Then this same mother, the first novel she read to me was “Gone With The Wind.” Dad was in Korea. I was 5 years old. I don’t think I understood it much. What she did — it seems brilliant to me now — she was reading the book and she’d say, “Now son, when I read about Miss Scarlett, you will automatically think of your pretty mama. And when I read about Rhett Butler, that’s your fighter pilot daddy.” Go through the Melanie Wilkes character. That poor woman became my Aunt Helen. Uncle Russ, Uncle James, Aunt Evelyn: every single character had a corresponding figure in my life. My mother was making the point that there is a relationship between life and art. She ended up raising me to be a Southern writer.

Seltzer: In writing about yourself in those books, you are also writing about the family. They have responded differently over the years. Talk about the evolution of your family’s response and the truths reflected in your work as well.

Conroy: There have been problems. Because I read Thomas Wolfe’s “Look Homeward Angel,” I thought I had prepared myself. Asheville went nuts, but I thought I could handle Beaufort. His dad was dead when the book came out. I learned something from that. It’s better to write about dead relatives than ones who are alive. In “The Great Santini” I wonder why I didn’t hide my family better. I could have made them Eskimos. The Great Santini paddles out to the Arctic Sea to slay seals and bring back a walrus. I didn’t do that. The Great Santini was Dad’s nickname in the Marine Corps. I make the wife an exact replica of my mother. I put these children in Beaufort, S.C., thinking that because I had changed their names nobody would know.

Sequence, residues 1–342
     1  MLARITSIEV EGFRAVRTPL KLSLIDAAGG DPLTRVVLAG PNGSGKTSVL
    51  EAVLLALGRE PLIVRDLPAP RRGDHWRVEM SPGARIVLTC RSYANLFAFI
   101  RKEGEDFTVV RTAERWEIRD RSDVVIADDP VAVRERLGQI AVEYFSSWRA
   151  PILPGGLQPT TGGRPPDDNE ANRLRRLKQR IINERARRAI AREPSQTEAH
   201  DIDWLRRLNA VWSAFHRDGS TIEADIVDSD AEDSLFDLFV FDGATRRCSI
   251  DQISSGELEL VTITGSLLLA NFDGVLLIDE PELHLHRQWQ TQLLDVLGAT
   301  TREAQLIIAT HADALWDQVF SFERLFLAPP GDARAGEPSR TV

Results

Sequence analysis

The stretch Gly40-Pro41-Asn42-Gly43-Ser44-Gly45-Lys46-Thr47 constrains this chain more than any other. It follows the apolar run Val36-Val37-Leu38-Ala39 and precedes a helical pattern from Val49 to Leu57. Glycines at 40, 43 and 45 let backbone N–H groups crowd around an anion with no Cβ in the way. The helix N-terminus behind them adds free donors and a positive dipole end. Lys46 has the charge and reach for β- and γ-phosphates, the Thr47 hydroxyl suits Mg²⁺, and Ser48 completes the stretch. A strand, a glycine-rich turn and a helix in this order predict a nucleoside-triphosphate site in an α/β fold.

What I can’t figure out now is why I didn’t tell anybody I was writing this book. Finally, the book arrives at my house in Atlanta, Ga. My father comes over and sees the book. He says, “Son, my God, you wrote a book and named it Great Santini after me. You dedicated it to your mother and me. This is the greatest day of my entire life.” I said, “Dad you might want to read this book first.”

An hour later I called Dad, he is somber. “Why do you hate me son?”

“Dad, keep reading.”

Two hours later, he’s balling. “Why do you hate me?”

“Keep reading, Dad.”

Then Dad disappears for three or four days. My grandma says, ‘Nice going, Pat. You killed him. He’s gone out to commit suicide because of your book.”